PA House Will Open in Prayer Again, Thanks to Speaker Turzai

by | Oct 2, 2019 | Politics, Prayer | 8 comments

When the PA House of Representatives reconvenes to open their legislative session later this month they will be able to continue their guest chaplain policy for opening prayer, thanks to a recent court ruling and due to the commitment of Speaker Mike Turzai to this issue. 

Last year, members of the Pennsylvania House lost in district court when a group of non-theists sued over their longstanding guest chaplain policy that requires those opening legislative sessions in prayer be “a member of a regularly established church or religious organization.” 

The PA House courageously moved forward with an appeal. One year later, on August 23, 2019, the U.S. Court of Appeals overruled the lower court’s decision. As a result, on Tuesday, October 1st, Chief Judge Christopher Conner, who had ruled against the PA House in favor of the atheists and agnostics, has now ordered that the court’s previous decision be vacated, the claims made by the non-theists be completely denied and ruled in favor of the PA House.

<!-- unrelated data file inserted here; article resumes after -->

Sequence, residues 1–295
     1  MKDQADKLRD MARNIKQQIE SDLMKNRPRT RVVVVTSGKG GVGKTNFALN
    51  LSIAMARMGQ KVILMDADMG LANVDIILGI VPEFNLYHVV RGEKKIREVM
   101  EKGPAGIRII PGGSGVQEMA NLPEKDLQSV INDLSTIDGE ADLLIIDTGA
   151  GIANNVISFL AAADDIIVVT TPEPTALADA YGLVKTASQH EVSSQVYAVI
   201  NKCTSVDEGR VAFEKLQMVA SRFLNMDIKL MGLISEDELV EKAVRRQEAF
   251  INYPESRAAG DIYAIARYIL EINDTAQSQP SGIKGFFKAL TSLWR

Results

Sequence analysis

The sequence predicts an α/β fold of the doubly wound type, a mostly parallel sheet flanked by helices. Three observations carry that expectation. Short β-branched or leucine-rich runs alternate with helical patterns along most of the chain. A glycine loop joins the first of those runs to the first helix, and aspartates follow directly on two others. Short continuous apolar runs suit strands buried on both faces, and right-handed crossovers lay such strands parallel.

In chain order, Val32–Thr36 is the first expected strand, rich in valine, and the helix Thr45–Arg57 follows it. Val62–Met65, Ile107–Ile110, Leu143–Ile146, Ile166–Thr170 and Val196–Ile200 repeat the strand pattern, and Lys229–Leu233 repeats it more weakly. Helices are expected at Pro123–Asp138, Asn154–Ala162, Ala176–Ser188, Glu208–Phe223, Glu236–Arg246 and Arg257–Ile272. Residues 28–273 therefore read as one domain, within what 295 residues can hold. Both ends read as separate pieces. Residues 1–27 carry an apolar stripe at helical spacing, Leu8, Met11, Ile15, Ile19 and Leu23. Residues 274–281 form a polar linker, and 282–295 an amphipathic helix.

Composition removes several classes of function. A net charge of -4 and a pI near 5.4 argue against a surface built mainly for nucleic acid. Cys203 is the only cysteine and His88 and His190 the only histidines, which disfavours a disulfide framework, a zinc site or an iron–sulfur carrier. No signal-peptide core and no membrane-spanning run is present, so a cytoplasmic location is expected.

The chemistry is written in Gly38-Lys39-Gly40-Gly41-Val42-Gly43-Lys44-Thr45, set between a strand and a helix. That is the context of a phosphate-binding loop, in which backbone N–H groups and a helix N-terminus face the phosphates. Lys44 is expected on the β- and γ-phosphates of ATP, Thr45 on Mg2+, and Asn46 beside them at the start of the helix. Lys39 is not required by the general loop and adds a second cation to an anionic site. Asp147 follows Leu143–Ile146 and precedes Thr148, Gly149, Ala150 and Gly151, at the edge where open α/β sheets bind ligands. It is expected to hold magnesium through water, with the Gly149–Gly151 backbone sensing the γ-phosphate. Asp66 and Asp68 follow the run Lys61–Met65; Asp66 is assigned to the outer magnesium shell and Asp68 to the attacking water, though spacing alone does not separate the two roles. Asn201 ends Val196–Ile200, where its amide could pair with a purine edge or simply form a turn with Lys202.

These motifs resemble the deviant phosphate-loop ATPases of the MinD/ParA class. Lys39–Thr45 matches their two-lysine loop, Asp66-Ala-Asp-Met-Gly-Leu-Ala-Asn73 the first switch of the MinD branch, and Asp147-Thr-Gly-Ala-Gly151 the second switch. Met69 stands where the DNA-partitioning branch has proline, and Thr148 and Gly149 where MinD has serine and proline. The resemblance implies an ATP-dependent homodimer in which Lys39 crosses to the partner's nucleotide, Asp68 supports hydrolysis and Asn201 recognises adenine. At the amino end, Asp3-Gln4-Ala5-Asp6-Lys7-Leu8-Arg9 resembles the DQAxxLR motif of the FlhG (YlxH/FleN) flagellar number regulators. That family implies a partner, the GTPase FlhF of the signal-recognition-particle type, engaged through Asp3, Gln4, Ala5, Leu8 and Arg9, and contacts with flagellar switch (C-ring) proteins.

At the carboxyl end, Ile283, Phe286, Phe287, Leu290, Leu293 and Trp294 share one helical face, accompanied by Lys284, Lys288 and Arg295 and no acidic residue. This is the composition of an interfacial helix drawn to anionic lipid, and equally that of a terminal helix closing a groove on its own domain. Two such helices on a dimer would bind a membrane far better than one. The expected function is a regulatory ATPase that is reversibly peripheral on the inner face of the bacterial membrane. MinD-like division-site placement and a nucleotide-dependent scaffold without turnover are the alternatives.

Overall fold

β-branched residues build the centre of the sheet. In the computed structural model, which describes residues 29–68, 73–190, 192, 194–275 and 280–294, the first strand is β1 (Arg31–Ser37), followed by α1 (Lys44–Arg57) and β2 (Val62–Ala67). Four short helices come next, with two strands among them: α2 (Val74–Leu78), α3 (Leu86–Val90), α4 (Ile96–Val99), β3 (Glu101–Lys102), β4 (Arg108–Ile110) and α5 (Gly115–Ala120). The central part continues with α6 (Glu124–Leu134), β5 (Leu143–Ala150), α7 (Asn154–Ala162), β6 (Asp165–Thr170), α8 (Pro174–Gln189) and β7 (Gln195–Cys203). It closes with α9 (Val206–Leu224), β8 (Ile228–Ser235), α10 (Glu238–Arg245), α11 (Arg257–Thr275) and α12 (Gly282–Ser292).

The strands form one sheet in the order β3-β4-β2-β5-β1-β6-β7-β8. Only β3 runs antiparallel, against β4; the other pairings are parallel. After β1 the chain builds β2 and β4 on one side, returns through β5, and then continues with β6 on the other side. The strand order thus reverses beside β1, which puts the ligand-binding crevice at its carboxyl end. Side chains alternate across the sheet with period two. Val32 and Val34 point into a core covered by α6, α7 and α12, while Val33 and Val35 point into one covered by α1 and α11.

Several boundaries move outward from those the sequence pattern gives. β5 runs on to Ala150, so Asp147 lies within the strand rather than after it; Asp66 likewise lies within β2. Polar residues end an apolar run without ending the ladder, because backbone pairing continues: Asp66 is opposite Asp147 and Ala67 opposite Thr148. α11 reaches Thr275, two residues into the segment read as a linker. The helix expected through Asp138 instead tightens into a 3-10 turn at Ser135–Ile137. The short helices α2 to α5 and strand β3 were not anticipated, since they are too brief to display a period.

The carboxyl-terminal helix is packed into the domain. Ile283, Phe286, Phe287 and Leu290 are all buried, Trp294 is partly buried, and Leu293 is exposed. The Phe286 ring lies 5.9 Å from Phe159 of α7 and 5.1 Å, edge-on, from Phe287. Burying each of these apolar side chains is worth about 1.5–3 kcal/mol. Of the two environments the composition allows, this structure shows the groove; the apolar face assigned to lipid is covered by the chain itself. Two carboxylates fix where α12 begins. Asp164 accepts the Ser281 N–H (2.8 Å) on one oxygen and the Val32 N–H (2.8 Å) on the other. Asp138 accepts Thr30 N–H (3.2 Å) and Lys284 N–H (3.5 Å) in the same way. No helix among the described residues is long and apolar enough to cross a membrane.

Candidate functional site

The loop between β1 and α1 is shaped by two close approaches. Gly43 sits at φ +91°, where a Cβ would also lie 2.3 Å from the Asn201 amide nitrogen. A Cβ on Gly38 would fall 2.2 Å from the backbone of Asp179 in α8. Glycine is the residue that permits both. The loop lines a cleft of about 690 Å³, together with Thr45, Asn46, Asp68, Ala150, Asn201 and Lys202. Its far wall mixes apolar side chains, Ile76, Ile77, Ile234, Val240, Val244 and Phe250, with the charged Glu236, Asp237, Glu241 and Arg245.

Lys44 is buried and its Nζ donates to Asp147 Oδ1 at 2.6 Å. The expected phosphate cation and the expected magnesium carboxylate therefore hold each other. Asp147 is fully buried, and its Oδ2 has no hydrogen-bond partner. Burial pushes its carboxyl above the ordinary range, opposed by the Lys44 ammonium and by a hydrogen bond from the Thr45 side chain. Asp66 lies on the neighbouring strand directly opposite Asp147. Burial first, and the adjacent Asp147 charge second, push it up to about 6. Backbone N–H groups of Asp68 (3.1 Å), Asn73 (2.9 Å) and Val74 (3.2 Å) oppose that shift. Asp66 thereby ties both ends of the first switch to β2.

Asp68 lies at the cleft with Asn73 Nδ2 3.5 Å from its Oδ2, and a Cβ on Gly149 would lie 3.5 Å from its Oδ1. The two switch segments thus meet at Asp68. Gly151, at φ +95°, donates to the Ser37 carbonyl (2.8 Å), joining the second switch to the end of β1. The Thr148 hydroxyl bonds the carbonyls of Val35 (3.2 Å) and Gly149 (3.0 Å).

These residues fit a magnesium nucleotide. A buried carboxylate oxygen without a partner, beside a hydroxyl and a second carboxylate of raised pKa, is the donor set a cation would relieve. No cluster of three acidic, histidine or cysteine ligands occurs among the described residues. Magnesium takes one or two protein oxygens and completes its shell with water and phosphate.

Speaker Mike Turzai courageously stepped up to the challenge and used the legal means available to his office to rightfully defend the constitutionality of the prayer policy. 

Independence Law Center, the legal arm of the Pennsylvania Family Institute, in conjunction with the Alliance Defending Freedom, filed a friend-of-the-court brief on behalf of four of Pennsylvania’s U.S. Congressmen who took a stand to defend prayer: Mike Kelly, Scott Perry, Lloyd Smucker and Glenn Thompson.  That brief was cited by the Third Circuit to establish the longstanding purpose of these prayers — that “legislative prayers seek ‘divine guidance’ in lawmaking.”

The Independence Law Center applauds Speaker Mike Turzai in leading the effort to win this tremendous Third Circuit victory to uphold this longstanding practice of prayer before legislative sessions. Indeed, it is important that the legislature seeks God’s favor while they debate and pass laws.